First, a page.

This lesson contains a second part that is just as remarkable — the inhabitants of a system in which speculative debt transactions are “systemically relevant” to its continued existence certainly don’t know what to make of it, either. It’s one thing that the money with which business is done on all sides embodies a power relation established by the state. Conversely, the power of the state that subjects the economic life of its citizens to its rules and laws exists in money, that is, as the private power of disposal over work and wealth, destined to function as the source of its own accumulation. This applies so categorically that the state itself exercises its power in conformity with the very rules and capitalistic use of private property it universally enforces. Even in an acute crisis situation, when it rescues money and credit from self-destruction by decree, it expects capitalist businesses to make use of state guarantees and funds according to their own calculation of advantage, even leaving this to their discretion. Not even when its power is exercised directly in the form of conditions and means of business does the state intend anything other than re-empowering finance and the rest of the business community to turn state-guaranteed debts successfully into capital again at last with their calculations, their business techniques, their speculation, and their right to command. If necessary, the state even nationalizes banks, forcing the self-accumulation power of property to become productive again and the normal debt economy to get going again.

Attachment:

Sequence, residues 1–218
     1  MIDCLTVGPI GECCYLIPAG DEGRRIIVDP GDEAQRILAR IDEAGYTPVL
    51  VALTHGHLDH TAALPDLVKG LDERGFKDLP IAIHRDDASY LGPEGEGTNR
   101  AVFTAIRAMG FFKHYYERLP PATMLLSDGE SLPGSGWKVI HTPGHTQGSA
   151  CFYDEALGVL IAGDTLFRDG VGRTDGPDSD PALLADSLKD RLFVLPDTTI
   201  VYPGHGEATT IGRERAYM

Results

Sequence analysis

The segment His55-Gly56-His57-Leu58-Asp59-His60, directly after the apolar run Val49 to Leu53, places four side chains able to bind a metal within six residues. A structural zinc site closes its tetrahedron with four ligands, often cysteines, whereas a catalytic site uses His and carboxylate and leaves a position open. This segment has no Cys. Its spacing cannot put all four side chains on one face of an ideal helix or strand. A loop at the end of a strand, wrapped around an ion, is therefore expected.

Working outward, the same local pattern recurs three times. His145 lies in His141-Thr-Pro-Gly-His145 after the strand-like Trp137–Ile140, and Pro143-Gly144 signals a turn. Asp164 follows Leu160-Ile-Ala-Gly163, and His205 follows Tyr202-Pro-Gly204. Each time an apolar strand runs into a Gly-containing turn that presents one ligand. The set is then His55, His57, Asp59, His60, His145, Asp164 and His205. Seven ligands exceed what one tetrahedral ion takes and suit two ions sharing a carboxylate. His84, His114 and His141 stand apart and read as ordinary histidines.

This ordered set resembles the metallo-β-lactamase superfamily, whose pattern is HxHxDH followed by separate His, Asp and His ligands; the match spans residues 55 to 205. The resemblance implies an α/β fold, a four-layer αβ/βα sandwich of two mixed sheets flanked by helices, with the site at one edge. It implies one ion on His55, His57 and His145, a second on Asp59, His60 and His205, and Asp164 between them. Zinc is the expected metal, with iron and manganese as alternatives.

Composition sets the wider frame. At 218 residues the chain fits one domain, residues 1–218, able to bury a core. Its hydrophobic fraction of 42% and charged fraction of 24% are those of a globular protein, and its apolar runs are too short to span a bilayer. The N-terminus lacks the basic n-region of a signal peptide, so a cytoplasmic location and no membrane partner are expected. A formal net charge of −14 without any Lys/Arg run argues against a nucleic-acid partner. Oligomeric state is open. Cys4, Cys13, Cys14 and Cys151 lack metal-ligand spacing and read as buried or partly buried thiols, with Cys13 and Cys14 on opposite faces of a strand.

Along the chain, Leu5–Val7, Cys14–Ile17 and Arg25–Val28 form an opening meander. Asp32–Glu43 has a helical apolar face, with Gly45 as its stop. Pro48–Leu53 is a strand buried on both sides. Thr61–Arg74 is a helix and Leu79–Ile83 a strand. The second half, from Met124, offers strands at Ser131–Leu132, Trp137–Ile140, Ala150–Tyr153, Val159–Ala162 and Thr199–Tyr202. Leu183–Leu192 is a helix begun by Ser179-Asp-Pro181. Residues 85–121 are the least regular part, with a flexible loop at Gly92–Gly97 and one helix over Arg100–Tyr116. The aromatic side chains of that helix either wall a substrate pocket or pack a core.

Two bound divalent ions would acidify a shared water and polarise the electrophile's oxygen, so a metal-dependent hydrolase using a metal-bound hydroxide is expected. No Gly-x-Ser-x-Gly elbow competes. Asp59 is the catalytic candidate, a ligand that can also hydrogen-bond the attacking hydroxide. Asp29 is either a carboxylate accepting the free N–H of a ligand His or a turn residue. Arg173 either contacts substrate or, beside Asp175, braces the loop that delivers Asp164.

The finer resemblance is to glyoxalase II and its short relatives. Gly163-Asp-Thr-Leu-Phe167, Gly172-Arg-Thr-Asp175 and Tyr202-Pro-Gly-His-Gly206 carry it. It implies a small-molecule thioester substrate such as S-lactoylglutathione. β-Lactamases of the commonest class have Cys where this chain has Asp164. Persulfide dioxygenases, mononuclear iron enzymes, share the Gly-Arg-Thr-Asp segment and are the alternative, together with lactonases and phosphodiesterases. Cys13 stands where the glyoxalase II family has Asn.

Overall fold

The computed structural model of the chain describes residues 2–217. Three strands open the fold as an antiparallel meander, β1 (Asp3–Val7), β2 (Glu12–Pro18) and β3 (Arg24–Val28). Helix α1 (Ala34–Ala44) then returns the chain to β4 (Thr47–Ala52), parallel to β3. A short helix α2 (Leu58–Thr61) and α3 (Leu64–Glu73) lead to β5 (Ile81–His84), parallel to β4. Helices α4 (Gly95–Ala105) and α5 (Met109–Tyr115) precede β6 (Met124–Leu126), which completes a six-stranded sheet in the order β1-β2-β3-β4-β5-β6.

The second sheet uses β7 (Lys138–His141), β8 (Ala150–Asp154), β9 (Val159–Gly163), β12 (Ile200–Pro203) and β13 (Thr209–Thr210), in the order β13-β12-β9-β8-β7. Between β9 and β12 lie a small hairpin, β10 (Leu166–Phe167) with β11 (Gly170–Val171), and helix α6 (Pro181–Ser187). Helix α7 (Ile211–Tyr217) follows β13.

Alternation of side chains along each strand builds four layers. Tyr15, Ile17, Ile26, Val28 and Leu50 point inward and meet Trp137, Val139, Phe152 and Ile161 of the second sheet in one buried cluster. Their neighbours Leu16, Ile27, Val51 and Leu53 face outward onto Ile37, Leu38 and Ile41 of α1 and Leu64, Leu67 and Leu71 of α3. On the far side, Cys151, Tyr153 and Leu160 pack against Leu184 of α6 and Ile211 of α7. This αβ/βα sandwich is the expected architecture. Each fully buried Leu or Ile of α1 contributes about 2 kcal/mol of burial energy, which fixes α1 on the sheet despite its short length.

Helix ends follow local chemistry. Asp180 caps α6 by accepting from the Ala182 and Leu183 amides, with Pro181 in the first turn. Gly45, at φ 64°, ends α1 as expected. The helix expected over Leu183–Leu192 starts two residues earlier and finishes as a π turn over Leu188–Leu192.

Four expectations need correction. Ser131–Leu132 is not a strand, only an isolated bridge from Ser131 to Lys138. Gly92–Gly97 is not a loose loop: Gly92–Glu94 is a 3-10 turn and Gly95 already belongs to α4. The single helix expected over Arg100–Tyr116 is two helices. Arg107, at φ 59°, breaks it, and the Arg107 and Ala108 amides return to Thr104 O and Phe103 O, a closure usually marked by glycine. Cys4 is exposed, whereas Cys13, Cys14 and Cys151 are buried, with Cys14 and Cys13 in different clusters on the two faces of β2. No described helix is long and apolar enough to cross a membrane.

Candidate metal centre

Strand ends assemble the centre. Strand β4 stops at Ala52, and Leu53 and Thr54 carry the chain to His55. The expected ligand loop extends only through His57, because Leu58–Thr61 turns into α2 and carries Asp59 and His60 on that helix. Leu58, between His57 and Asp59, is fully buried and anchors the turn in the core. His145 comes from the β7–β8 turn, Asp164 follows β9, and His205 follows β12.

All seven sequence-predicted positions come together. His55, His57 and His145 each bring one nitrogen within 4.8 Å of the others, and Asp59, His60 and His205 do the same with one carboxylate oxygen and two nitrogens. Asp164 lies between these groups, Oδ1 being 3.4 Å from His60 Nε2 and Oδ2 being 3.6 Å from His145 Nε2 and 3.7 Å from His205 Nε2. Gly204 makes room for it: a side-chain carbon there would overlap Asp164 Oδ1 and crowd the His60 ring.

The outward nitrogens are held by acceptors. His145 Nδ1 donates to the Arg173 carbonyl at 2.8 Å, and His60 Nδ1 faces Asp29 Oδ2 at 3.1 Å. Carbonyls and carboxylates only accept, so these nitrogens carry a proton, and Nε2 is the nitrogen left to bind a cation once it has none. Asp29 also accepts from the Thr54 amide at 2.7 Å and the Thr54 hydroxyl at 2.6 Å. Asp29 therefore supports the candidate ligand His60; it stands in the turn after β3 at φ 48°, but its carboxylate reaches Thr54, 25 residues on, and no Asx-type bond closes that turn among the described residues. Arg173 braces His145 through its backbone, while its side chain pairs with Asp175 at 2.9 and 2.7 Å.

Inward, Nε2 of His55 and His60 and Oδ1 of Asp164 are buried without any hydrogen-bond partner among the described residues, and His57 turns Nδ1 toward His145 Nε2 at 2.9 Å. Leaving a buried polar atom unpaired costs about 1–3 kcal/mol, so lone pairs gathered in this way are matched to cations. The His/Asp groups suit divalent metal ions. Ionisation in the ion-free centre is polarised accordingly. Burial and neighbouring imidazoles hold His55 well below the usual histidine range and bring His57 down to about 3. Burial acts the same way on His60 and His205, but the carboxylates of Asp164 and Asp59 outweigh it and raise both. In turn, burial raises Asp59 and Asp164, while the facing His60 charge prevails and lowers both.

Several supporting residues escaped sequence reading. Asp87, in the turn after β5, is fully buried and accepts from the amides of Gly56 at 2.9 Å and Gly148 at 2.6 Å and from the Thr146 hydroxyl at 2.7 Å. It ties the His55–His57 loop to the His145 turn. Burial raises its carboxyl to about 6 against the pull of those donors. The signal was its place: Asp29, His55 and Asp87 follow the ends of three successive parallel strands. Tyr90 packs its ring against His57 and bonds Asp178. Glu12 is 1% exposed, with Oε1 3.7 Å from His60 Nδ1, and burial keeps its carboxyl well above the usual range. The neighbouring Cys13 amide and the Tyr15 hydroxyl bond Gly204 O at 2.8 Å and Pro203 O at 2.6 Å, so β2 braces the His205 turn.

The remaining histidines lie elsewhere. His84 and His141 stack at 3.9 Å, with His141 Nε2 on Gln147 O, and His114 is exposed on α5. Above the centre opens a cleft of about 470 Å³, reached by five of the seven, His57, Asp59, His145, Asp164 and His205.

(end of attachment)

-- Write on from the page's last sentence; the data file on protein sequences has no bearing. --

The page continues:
Just how seriously a modern state takes this purpose is illustrated by the remarkably substantial element of powerlessness it condemns itself to: it really can’t control the economic consequences of its crisis interventions, to say nothing of the consequences of its everyday work as guarantor of capitalist conditions and the number one capitalist means of production, money. At the same time, political figures competing for positions of power in the nations that dominate the world economy like to present differing opinions as to how far the regulatory power of the state should go. Some like taking the absurd stance that a state rescue of the banks is close to socialism, and aggressively deny that the state is responsible for the desperate situation into which the crisis has plunged a large portion of the capitalistic rank and file, and deny that the government is capable of fighting poverty other than by fostering the economy that produces it and, in a crisis, multiplies it. Other politicians prefer the air of authority to issue directives also to the highly-paid agents of capital, which doesn’t change the fact that state rescue efforts are, and bring about, something other than the necessary restoration of finance. After all, when the state intervenes — under any leadership soever — it doesn’t violate the fundamental distinction between true capitalist wealth, which fulfils its “systemic” purpose by growing capitalistically through an extensive debt economy, and a guarantee for monetary assets, which, virtually as a substitute performance, conceal more than offset the temporary failure of this economy. With its power and suitable orders, the state can indeed contain the negative consequences of general speculative distrust within the banking industry and prevent the annullment of capitalist wealth from reaching critical proportions. However, the state doesn’t want to change anything regarding finance capital’s acting as the motor of the national economy through free speculation and confidence in successful speculation. Rather, it wants to make that again the normal state of affairs. It intends that only that wealth that the financial industry derives from uncertain, future monetary yields and invests in corresponding legal rights is to continue to constitute true societal wealth, because only then does the self-expanding power of money have a chance for success in accordance with the system. That is why state power can guarantee the commanding power of money, but cannot substitute for its productive use.